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Musician B.E. Taylor dies at 65

| Monday, Aug. 8, 2016, 1:42 p.m.
Theresa Mitchell
Singer-songwriter B.E. Taylor in 2014.
B.E. Taylor in 2006
Steven Adams | Tribune-Review
B.E. Taylor watches Christine Schwaner rehearse in a Strip District studio on Wednesday, Feb. 6, 2008.
Theresa Mitchell
Singer-songwriter B.E. Taylor in 2014

B.E. Taylor, a mainstay on the Western Pennsylvania music scene who gained national fame in the 1980s with the pop-rock hit “Vitamin L,” died Sunday.

Taylor suffered complications from an inoperable brain tumor, according to a news release from his family. He was 65.

“Nobody could sing like him,” said Rich Engler, Taylor's booking agent and promoter. “He was exceptional. It's not too often that a guy comes along like him who could really belt it out.”

In the 1980s, Taylor filled dance clubs, had videos on MTV and scored a Billboard Hot 100 hit with “Vitamin L” as lead singer of the B.E. Taylor Group.

His music shifted to Christmas recordings when the band broke up in the early 1990s. He released “B.E. Taylor Christmas” in 1994 and was working on “B.E. Taylor Christmas 4” and an upcoming tour before his death.

Taylor was diagnosed with an inoperable brain tumor in March 2007 but continued to record and perform, including eight Christmas tours.

He grew up in Aliquippa and made his home in Wheeling, W.Va.

“Bill wore Aliquippa on his sleeve. He was very proud of where he came from,” said Hermie Granati, who grew up in Beaver Falls and played keyboard in the band Coconut with Taylor in the 1970s.

They met when Taylor performed at Granati's high school prom. Taylor had blond pompadour hair, wore a Bermuda shirt and tight, white slacks and danced like James Brown.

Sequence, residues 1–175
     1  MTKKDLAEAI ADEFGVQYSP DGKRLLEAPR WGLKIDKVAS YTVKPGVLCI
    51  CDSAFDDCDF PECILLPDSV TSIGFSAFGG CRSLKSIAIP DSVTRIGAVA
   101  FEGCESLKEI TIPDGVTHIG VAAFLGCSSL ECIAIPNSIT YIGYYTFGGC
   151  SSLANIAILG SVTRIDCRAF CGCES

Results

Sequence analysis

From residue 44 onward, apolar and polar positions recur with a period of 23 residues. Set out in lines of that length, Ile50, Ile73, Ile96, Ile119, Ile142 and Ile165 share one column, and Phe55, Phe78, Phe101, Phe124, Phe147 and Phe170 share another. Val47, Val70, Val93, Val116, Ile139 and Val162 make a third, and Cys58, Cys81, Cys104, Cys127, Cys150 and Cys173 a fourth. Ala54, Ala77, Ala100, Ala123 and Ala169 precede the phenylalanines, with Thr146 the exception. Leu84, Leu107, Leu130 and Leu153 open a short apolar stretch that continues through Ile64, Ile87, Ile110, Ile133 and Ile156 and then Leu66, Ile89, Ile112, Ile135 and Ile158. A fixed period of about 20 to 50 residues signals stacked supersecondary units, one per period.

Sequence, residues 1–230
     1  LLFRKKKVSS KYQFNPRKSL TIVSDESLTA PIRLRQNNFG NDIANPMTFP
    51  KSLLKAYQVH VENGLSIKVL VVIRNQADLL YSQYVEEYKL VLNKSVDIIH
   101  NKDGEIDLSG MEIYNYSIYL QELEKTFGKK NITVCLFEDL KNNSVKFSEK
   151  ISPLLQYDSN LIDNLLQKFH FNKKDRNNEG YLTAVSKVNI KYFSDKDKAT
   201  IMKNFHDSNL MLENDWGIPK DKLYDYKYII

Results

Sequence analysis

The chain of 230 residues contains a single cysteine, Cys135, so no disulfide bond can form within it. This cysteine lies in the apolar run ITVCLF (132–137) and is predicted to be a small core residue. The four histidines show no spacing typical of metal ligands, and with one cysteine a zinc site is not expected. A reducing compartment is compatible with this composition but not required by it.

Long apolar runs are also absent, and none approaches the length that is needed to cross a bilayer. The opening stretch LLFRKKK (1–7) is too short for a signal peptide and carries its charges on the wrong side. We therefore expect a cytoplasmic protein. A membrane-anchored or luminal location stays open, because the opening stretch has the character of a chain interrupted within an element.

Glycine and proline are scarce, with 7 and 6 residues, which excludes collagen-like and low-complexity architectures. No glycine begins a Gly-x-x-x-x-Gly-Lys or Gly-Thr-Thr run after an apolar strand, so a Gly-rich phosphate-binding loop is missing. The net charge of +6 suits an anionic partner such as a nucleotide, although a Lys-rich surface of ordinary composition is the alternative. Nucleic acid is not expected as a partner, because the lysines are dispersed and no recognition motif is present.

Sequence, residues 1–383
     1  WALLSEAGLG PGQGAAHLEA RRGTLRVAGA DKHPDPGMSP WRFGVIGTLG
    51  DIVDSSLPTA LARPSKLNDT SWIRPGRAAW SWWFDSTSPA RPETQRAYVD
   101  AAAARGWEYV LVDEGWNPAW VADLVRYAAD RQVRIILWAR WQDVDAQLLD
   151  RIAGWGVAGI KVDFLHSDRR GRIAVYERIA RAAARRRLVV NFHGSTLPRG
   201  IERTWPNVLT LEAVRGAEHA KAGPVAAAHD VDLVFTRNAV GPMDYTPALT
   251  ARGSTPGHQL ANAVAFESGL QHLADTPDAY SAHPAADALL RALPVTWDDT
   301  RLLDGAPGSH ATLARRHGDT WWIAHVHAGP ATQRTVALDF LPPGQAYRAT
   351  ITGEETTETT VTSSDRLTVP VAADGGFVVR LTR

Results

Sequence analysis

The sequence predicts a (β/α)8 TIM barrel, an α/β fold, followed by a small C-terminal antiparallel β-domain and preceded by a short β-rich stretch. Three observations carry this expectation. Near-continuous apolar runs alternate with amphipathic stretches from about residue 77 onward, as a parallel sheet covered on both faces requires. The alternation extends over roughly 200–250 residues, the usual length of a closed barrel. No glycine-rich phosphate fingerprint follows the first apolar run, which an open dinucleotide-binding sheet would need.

“I was like, who is this guy?” Granati said with a chuckle.

The two stayed in touch over the years, and Granati played the keyboard during Taylor's Christmas concerts.

Taylor shook hands with fans after shows and talked with “everybody there until the last person left the theater,” Granati said.

“That was Bill Taylor. He absolutely loved and cared about his people,” he said.

The B.E. Taylor Group dominated the Pittsburgh music scene in the 1980s, going from a small cover band to landing major label record deals with MCA and Epic/CBS.

“They were one of the great working, touring regional bands in this market,” said Steve Hansen, a former disc jockey at the rock station WDVE in Pittsburgh.

In the 1980s, Pittsburgh club owners were slow to embrace original music. Many booked only cover bands. Taylor's success with “Vitamin L” and other original songs changed the music scene.

“A lot of bands got an opportunity to play because of B.E. Taylor,” Hansen said.

Taylor is survived by his wife of 34 years, Veronica; children, B.C. and Tahnee; and brothers, David and Danny.

Funeral arrangements are pending and will be private.

Tony Raap is a Tribune-Review staff writer. Reach him at 412-320-7827 or traap@tribweb.com.

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